Telecom carriers need to build, buy or partner for many of the technology enhancements they put into the networks or customer solutions each year.

Derek Kerton, Managing Partner, Kerton Group

August 24, 2015

6 Min Read
5 Must-Have Tech Partnerships for Carriers

You could hardly be blamed for seeing telecom network operators as dinosaurs. Historically, they avoided innovation as costly and risky. They moved slowly -- so slowly that, like dinosaurs, they may have lost the foot race against the glaciers. But if you're still hanging on to that perception, you too may be living in the past.

Telcos have responded to changes in the marketplace: new competitors, wireless competition, VoIP, cable companies, IPTV, the Internet, Over the Top (OTT) assaults and more. In response, network operators have accelerated plans to go digital, IP-based, low-latency, standards-based and now virtualized with NFV. It's time to hang the paleontology back on the wall.

The modern competitive pressures have also ended the era of "not invented here" at the network operators. Any carrier that tried to invent all their own technology would rapidly fall woefully behind the competition. There is tremendous pressure to leverage the latest best-of-breed solutions. Telecom carriers need to build, buy or partner for many of the technology enhancements they put into the networks or customer solutions each year, and that creates a $5.6 trillion market for companies that sell into telecoms each year.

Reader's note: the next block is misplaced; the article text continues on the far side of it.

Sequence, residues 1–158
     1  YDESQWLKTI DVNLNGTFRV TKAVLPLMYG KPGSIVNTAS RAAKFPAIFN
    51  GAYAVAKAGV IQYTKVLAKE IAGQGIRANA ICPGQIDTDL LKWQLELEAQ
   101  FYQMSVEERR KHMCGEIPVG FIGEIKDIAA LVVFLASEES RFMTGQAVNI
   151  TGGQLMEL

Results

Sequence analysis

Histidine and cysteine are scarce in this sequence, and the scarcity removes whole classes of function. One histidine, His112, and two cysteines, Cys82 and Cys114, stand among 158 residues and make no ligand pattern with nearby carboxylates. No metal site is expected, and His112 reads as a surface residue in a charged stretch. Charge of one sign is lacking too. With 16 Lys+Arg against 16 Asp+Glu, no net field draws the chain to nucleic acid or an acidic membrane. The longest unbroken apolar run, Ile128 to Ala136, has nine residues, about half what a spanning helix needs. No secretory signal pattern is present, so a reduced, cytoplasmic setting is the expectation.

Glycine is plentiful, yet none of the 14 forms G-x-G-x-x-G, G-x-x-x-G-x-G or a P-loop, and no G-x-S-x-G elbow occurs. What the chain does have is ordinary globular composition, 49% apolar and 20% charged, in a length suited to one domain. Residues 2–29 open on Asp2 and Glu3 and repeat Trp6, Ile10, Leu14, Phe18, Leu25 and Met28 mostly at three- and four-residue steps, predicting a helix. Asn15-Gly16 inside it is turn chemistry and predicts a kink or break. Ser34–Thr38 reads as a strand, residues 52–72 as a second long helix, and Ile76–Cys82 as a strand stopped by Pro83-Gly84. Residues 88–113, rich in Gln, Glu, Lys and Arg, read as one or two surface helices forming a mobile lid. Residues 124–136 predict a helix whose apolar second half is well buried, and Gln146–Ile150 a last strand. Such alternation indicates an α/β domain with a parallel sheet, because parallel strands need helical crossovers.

With those dollars on the line, determining the solutions carriers need is well worth the effort.

So what are the five hot areas carriers have identified as gaps they need to fill with partnerships? The Telecom Council of Silicon Valley asks dozens of network operators that exact question each fall at TC3: "What technologies, innovations and partnerships do you want from entrepreneurs over the next year?"

While this year's meeting hasn't taken place yet, early feedback from the carriers is that they will be asking for innovations in:

More cloudification
Cloud has become big business for enterprises, and carriers play a big role in cloud services, data centers and raw connectivity. But CIOs are concerned about security, prying government eyes and control of their data.

This year, carriers want to build more hybrid clouds, where enterprises can blend on-premises private clouds with public cloud services. Appropriate firewalls and security solutions are essential. Any data center performance ideas are welcome, as well as energy conservation.